a decision we must make
2nd place || 2022
7th through 8th grade


by Annika Bessingpas


High up in the Appalachian Mountains, winter comes early, and in these villages, most of the children pass their time with skiing and tobogganing down the foothills. For families high up in the mountains, where the roads are never plowed, skiing is necessary to go to church, buy groceries, or visit neighbors. Teenagers race each other down the mountains.

On this January day, many of the older boys and girls decided to have a ski race, finishing at the foot of the mountain. As there were fifteen of them, the race was done in heats, with the goal of the winners of each heat racing at the end.

Anna Wagner and Christie Johnson were two of these girls, but they did not get along well. It was clear, as an older boy started the race, that one of the two would win, but the one who lost would not lose without a fight.

The two were neck-and-neck the whole way, and as they neared the end, Christie put out her ski pole and deliberately tripped Anna. The act was so discreet nobody saw her do it, and Anna fell to the ground as Christie glided victoriously across the finish line.

“She tripped me,” Anna said to her little brother Will, who couldn’t race because he had a sprained ankle from being tripped by Christie a few days before.

“I know,” answered Will. “I saw. I don’t like her; not one little bit. She’s mean.”

“Calm down,” said their older cousin Heidi. “What Christie did was wrong. However, it is a mark of true humility to accept both victory and defeat graciously. Whether you win or lose, it is through seeking the Lord’s help that we can succeed.”

This made sense to Anna, and as she realized that it was good advice, she decided to apply it. Will, however, was still mad at Christie for hurting both him and his sister.

That night, there was a blizzard, and the mountain passes were blanketed in an almost unconquerable layer of whiteness.

The next morning, Anna was skiing down the mountain to buy groceries for her family. Though she needed to concentrate on skiing safely, she instead found herself thinking about Christie. A wave of anger and bitterness flooded over her. Her mother would remind her, it’s just a game. In her head, she could even hear Heidi saying, “Winning isn’t everything.” Yet still, in her heart, she felt mad, though she knew it was wrong.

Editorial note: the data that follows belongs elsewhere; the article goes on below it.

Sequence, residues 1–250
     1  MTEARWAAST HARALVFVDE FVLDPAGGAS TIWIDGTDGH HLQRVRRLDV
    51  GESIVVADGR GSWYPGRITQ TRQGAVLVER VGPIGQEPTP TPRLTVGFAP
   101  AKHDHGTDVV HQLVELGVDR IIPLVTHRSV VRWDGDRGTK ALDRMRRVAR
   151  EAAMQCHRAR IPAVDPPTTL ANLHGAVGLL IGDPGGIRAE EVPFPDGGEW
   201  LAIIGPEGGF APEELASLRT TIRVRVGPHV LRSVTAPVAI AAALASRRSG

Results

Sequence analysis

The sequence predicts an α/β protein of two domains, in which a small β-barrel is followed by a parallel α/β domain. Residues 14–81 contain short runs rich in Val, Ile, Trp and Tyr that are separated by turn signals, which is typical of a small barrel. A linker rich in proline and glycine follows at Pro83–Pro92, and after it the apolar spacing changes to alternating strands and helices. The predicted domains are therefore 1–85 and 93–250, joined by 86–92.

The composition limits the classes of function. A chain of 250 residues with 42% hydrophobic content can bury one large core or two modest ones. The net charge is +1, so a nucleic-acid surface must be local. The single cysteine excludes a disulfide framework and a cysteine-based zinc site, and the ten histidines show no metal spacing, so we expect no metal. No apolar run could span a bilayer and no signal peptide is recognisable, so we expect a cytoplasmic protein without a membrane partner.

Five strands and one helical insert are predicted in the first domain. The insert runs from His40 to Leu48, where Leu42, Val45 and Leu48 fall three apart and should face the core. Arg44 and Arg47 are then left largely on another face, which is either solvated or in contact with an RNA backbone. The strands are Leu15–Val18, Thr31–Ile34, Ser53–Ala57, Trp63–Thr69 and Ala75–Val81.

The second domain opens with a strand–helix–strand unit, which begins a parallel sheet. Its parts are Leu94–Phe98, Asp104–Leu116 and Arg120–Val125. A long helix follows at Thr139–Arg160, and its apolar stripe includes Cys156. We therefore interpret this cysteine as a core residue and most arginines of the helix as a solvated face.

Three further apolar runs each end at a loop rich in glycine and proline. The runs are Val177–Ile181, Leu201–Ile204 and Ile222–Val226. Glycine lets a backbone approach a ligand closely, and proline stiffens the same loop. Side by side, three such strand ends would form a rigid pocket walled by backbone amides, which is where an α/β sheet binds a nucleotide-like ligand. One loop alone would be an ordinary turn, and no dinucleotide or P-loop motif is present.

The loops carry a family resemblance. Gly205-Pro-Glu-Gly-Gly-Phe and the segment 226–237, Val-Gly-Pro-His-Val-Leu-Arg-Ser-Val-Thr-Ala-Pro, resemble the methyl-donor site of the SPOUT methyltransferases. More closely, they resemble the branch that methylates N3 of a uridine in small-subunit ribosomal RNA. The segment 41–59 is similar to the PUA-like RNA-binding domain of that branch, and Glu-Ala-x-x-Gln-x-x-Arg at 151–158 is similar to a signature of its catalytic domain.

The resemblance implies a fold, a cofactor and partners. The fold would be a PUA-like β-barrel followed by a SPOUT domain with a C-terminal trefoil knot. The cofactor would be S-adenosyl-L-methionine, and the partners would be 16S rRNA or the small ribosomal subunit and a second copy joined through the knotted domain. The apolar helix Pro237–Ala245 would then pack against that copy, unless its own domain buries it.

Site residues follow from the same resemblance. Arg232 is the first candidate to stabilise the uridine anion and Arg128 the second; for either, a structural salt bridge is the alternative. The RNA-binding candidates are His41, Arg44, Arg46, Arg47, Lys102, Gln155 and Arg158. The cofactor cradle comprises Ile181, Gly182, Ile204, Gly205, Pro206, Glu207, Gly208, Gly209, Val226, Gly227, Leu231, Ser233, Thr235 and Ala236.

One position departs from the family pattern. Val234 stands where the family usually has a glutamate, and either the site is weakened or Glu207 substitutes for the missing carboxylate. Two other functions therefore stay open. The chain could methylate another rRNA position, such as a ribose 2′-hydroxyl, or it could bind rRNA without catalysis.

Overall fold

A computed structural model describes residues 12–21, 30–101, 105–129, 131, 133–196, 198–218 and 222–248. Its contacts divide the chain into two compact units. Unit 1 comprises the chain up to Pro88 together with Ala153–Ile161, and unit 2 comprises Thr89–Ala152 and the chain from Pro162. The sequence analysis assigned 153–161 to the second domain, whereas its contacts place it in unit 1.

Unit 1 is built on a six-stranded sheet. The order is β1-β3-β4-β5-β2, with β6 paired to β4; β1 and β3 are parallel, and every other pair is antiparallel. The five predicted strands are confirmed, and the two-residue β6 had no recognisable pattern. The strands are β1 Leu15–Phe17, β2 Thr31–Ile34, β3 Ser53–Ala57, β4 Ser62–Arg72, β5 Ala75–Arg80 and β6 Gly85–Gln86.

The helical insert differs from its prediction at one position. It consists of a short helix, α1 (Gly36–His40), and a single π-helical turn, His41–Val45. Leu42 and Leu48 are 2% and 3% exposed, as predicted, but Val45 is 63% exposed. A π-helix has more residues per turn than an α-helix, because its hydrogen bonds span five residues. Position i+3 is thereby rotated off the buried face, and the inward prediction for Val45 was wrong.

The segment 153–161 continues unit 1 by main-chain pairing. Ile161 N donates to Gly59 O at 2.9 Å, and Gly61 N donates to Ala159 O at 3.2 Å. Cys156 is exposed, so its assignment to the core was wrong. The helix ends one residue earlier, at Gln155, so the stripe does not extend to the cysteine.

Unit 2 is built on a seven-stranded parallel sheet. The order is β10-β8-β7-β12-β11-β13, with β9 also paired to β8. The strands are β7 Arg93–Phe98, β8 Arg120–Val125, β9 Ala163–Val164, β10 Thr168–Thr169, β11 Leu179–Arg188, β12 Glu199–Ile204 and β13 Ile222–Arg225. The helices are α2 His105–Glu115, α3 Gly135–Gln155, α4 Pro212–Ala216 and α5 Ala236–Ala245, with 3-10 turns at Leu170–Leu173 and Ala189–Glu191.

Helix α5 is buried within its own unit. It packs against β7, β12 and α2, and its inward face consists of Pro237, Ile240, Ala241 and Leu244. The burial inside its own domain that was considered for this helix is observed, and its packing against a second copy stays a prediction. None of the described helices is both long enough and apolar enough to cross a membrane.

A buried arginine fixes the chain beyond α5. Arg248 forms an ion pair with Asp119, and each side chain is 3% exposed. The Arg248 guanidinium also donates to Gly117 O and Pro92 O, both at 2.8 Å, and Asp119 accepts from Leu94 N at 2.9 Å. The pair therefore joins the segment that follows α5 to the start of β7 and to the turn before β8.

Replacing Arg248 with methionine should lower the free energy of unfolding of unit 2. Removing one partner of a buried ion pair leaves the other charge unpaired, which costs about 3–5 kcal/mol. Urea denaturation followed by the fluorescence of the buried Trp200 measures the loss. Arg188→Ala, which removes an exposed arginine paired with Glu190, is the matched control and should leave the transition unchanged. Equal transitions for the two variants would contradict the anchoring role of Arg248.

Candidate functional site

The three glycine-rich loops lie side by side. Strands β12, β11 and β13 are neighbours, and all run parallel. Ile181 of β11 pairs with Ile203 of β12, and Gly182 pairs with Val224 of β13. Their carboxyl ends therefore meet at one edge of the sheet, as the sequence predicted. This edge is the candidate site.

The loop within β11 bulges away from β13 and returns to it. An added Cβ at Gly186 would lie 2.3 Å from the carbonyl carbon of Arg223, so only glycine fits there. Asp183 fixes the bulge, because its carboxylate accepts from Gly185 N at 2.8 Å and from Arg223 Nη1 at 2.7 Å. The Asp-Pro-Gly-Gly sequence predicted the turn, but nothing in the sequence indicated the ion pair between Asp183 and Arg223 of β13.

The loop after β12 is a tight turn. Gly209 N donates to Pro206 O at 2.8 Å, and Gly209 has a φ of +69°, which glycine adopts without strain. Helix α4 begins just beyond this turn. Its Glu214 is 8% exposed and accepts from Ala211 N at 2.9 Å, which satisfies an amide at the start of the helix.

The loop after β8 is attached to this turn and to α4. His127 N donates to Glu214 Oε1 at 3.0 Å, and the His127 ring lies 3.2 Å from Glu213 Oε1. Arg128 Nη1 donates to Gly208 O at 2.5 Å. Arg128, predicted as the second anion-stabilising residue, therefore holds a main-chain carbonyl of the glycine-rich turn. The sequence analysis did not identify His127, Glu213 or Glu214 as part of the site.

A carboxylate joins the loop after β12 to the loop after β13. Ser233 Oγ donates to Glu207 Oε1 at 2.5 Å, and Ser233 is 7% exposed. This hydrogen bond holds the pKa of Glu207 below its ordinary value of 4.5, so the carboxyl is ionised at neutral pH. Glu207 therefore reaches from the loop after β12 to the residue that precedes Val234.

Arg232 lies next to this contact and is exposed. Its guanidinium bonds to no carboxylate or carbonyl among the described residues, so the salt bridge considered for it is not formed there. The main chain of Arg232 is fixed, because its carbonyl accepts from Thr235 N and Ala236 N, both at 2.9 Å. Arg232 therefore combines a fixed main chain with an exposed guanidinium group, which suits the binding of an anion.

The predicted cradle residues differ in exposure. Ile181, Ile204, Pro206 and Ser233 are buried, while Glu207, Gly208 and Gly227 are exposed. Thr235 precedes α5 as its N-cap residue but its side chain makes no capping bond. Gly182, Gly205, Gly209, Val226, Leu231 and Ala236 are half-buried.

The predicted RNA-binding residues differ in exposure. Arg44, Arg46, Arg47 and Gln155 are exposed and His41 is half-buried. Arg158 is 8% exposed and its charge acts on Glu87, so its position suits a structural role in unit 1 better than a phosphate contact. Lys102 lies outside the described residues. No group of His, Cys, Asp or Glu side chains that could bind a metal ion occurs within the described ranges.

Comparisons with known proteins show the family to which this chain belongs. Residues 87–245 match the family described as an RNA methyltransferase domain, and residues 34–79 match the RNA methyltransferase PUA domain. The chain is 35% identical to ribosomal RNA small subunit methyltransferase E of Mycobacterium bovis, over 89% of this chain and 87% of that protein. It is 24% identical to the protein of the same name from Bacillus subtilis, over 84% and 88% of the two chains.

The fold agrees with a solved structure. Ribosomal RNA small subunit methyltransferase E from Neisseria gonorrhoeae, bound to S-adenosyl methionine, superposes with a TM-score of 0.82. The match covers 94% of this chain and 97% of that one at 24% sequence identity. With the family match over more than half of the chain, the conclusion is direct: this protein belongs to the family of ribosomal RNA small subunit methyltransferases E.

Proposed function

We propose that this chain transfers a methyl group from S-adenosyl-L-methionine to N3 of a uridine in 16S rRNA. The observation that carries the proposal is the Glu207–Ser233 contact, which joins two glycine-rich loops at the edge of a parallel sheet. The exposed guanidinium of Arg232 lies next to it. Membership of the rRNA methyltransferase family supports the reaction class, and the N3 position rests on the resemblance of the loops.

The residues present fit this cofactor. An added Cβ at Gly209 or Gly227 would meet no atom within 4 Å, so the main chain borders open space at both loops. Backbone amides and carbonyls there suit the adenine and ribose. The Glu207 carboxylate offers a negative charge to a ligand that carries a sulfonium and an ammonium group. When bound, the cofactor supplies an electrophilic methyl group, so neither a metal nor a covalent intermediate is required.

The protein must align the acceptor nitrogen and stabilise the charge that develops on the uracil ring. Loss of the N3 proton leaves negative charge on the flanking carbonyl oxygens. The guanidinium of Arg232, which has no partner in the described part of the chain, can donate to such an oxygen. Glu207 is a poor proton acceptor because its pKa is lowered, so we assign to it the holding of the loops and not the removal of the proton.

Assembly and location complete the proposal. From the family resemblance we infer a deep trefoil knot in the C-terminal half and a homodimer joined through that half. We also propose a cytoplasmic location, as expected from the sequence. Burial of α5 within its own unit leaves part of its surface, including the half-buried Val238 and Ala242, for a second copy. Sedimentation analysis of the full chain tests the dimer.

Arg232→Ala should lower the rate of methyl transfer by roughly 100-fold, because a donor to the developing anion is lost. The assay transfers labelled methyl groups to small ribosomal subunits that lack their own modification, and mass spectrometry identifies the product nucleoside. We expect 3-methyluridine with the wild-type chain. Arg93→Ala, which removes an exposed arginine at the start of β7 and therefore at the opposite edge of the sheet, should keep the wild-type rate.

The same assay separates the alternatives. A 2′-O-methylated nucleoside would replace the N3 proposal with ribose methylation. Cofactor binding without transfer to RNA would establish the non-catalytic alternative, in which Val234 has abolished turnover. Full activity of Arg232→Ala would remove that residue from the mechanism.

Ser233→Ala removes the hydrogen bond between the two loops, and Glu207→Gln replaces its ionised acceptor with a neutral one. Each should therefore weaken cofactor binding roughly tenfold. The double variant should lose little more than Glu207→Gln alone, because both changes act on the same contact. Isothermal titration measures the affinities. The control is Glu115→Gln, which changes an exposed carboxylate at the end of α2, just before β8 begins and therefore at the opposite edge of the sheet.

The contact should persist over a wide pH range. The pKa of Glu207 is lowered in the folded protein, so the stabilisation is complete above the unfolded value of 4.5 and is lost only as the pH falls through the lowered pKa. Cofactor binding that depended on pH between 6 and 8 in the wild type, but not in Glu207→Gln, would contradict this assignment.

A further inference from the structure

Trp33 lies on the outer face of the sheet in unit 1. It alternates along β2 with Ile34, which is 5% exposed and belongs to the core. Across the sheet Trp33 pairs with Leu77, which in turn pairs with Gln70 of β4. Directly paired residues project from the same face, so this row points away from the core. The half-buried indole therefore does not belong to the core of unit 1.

Anna, distracted by her thoughts, slipped and tumbled down the face of the mountain, saved from death only by a little ledge that overlooked the valley below. She was startled, hurt, and alone.

It was not too long before another skier came down the mountain, and Anna’s cries for help soon reached the ears of this skier.

“What’s wrong?”

It was Heidi.

“I’ll help you. Take off your skis.”

Anna took off her skis, held them up, and was pulled up slowly with Heidi’s help.

Heidi was in a hurry, and so she soon skied ahead of Anna, who took a different route, passing Christie’s home. She remembered Christie again, and her thoughts were nowhere near pleasant.

A good half-mile later, she came across Christie, sprawled out right in the middle of the path, likely injured. Remembering what Christie had done to her and her brother, Anna was inclined to overlook Christie’s misfortune.

But then she remembered the story she had been told: A certain man… fell among thieves who stripped him of his raiment, and wounded him, and departed, leaving him half dead. Then a priest came by, as well as a Levite after him, and both saw what happened but moved to the other side of the road. Then came the Samaritan, who was a complete stranger, and he had compassion on the wounded man. When Jesus had finished telling the story, He had said, ‘Go, and do thou likewise.’

This was not the road from Jerusalem to Jericho where this story had taken place, but there were many similarities. Anna knew she shouldn’t pass to the other side of the road as the priest and the Levite had, but rather, she should help Christie.

Anna knelt down by Christie, helped her onto her feet, and brought her home. Christie didn’t say much, but Anna knew she was grateful. She had done what the Samaritan had done when he had helped the wounded man, and she was glad for that.

Anna didn’t want to partake in the ski race the next day but watched on with Heidi. Will was feeling well enough to race, and together he and Christie were leading the race, though in the end it looked as though Christie won. Whether or not she had played fairly, Anna couldn’t tell, for when Christie crossed the finish line, Anna noticed Will turn around and give Christie a high-five.

Annika likes to write, read, and explore at her home in Minnesota, where she lives with her family.